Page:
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Extracting social determinants of health from electronic health records using natural language processing: a systematic review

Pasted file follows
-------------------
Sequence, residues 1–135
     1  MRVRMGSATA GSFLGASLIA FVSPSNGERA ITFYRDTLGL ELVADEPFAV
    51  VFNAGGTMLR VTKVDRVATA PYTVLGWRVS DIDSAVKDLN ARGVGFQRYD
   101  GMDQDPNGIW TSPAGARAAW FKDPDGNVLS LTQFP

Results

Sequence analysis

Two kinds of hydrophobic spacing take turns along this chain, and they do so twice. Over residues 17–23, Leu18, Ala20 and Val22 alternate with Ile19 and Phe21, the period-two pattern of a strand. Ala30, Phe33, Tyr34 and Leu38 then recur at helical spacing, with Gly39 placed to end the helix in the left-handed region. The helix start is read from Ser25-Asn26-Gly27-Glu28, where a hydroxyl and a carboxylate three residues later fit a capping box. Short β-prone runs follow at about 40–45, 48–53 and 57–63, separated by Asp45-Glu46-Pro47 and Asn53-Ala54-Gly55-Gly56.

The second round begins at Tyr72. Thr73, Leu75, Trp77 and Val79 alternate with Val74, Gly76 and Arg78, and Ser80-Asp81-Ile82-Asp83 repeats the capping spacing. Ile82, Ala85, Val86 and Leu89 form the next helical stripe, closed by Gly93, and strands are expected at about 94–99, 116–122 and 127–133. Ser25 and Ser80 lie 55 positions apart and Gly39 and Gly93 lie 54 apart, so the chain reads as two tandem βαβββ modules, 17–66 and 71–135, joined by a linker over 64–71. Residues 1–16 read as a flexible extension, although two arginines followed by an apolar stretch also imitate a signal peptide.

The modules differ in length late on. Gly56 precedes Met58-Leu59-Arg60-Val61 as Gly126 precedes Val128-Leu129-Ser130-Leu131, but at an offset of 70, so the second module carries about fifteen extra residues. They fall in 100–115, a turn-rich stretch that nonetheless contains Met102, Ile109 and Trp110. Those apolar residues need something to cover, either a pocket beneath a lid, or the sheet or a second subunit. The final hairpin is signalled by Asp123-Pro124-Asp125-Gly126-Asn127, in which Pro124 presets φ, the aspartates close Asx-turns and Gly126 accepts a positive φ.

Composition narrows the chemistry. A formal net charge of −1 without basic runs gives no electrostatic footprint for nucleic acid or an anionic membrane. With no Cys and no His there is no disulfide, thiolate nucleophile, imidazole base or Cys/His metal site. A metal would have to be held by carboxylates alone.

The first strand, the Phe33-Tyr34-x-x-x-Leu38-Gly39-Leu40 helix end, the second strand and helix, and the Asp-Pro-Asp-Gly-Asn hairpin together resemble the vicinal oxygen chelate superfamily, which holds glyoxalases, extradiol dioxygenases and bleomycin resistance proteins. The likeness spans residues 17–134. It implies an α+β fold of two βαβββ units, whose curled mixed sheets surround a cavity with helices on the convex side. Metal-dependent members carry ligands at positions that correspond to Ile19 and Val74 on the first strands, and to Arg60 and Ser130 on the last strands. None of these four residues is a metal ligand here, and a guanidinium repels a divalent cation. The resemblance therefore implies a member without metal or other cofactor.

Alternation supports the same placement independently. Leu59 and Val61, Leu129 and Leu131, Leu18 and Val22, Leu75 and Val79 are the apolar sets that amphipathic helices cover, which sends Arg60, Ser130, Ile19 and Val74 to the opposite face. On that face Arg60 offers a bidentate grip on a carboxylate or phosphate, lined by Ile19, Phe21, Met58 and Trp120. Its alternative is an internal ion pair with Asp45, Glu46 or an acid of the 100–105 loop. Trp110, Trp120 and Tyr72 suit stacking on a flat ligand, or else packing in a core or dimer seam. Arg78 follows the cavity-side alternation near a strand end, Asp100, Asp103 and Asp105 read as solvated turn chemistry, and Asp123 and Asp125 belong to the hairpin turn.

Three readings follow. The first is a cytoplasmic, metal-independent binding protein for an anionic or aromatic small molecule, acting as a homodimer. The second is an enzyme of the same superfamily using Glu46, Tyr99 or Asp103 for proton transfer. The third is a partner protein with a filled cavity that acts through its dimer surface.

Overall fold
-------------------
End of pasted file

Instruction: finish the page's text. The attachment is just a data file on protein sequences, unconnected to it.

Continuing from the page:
While social determinants of health (SDoH) impact patient risks and clinical outcomes, this nonclinical information is typically locked in unstructured clinical notes. However, leveraging SDoH has the potential to improve diagnosis, treatment planning, and patient outcomes across populations. In a new Journal of the American Medical Informatics Association study, senior author Jyotishman Pathak, PhD, professor of population health sciences; first author Braja Patra, PhD, MTech, research associate in population health sciences; Thomas Campion, PhD, MS, associate professor of population health sciences; Mark Weiner, MD, professor of clinical population health sciences; Mohit Sharma, MPH, research manager in population health sciences;  Veer Vekaria, research assistant in population health sciences; and colleagues completed a systematic review of the state-of-the-art natural language processing (NLP) approaches and tools that focus on identifying and extracting SDoH data from unstructured clinical text in electronic health records (EHRs). Using three scholarly databases, the researchers reviewed 82 publications. They found that smoking status, substance use, homelessness, and alcohol use are the most frequently studied SDoH categories. Machine learning approaches are popular for identifying smoking status, substance use, and alcohol use, while homelessness and less-studied SDoH like education, social isolation, and family problems were more commonly identified using rule-based approaches. Overall, the researchers concluded that NLP has significant potential in extracting SDoH data from clinical notes, which can help develop screening tools, risk prediction models, and clinical decision support systems.

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